Monday, February 28, 2011

Burmese diversity and the immigrant population

Although I've never been there, Burma (Myanmar) is one of the most troubled countries in the world. It is also an extremely complicated country. It has about a hundred languages and multiple ethnic groups.

And this complication shows itself in the composition of the population of refugees from Burma that find their way to the United States. Although the majority (off the top of my head I think about 60%) are ethnically Burmese-Hinayana Buddhists, much of the country is not. Although Burmese-Hinayana Buddhists do make up part of the refugee/ asylum seeking population from Burma, most of the refugees from Burma are some sort of Burmese minority. (I'd estimate about 70%)

This means that the "Burmese" refugee population gets very complicated very quickly.

In the Capital District area of New York, there are Burmese Hinayana Buddhists, Burmese Muslims, Karen Christians and Karen Buddhists, Nepali-Burmese Hindus (descended from the Nepalis who the British either encouraged to migrate to Burma to work or else sent there to serve in the military), Karenni (who are not Karen but are a similar ethnic group) and Chin as well as one individual whose father is Chinese and fled to Burma with one of Chiang Kai-Shek's armies that fled south after the Communist takeover.

There's a New York Burmese Youth Soccer league and they tell me it includes other ethnic groups as well, including Shan and Wa.

It's sort of like if you had a problem in America that was worse for minorities, and those affected fled abroad if they could. These hypothetical American refugees might consist of some small number of WASPS, many Blacks, many Puerto Ricans, several Amish and some Navajos as well as many Jews. If faced with such a group, someone in this new hypothetical country with no understanding of American culture might then take all these folks and try to use them as a basis for understanding "American society." Although this might seem an important step in understanding "people from America," in fact unless such an effort took into account the great diversity of the American population the result might be even greater confusion and less understanding of how to react and respond to these new people in an effective way.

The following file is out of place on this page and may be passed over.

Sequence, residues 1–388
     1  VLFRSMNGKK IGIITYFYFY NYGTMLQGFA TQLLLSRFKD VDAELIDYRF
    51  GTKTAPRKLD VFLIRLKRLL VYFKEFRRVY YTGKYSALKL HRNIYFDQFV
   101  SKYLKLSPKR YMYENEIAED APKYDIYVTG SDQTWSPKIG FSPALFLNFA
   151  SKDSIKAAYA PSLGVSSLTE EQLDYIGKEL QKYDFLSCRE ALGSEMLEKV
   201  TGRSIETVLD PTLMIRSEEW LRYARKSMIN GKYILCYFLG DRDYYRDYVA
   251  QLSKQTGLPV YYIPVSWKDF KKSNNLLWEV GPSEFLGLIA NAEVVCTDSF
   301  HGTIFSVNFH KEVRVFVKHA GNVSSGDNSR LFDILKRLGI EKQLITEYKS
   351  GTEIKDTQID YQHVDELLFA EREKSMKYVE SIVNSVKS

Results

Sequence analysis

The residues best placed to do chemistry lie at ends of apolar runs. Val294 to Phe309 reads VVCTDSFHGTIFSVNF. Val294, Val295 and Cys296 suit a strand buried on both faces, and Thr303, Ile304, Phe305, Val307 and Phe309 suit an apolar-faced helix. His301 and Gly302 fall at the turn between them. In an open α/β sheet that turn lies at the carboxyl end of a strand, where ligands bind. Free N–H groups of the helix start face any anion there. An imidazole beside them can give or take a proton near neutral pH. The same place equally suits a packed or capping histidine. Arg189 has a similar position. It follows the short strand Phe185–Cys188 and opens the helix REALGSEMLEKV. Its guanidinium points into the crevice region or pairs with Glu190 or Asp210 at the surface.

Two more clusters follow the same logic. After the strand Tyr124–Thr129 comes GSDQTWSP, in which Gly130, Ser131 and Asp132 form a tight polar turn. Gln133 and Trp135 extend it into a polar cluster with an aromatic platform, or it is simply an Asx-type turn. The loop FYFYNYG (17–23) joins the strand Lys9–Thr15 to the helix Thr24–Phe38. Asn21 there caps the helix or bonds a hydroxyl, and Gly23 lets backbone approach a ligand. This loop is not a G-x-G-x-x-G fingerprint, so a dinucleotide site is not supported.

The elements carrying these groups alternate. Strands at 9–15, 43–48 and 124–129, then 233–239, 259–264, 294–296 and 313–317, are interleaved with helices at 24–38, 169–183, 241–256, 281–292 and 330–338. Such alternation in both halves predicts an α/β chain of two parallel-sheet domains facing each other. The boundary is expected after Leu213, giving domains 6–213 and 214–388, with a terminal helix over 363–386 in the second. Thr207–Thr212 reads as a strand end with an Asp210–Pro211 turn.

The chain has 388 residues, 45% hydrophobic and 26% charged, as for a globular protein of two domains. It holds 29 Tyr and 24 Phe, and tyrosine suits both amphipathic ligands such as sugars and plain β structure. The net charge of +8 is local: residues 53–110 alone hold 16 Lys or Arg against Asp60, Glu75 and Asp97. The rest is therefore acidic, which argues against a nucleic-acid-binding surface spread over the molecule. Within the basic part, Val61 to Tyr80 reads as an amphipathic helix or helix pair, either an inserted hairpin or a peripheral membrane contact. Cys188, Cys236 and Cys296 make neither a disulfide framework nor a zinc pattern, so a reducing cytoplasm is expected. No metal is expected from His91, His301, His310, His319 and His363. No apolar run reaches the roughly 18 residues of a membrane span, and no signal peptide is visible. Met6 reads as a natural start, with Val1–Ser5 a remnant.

There is, for instance, one tribe in Burma where the women wear high piled neck rings and guess what? Some now live in Albany. They've removed the rings but will show you the photos if you show any interest as they thought they looked nice. They often have pictures of themselves with the neck rings on the wall. (These are one kind of Karenni). And the Karen who live in the Albany area include members of three different dialect groups (Pwo, Sqaw and Bwee) as well as some who only speak Burmese and no Karen at all. (Sort of like a Puerto Rican who speaks no Spanish.) That means that when the Karen get together communication can even then be awkward.

i.e. they recently held the first ever "Albany Karen Organization" event which people tell me took forever as all the announcements were done in English, Sqaw Karen and Pwo Karen.They apparently left out the Burmese language because they decided it would upset too many Karen people to include it. I heard the singing and dancing portions were good though. (BTW, my friend who just got arrested for DWI was the MC. I do not excuse his actions but he is a talented young man.)
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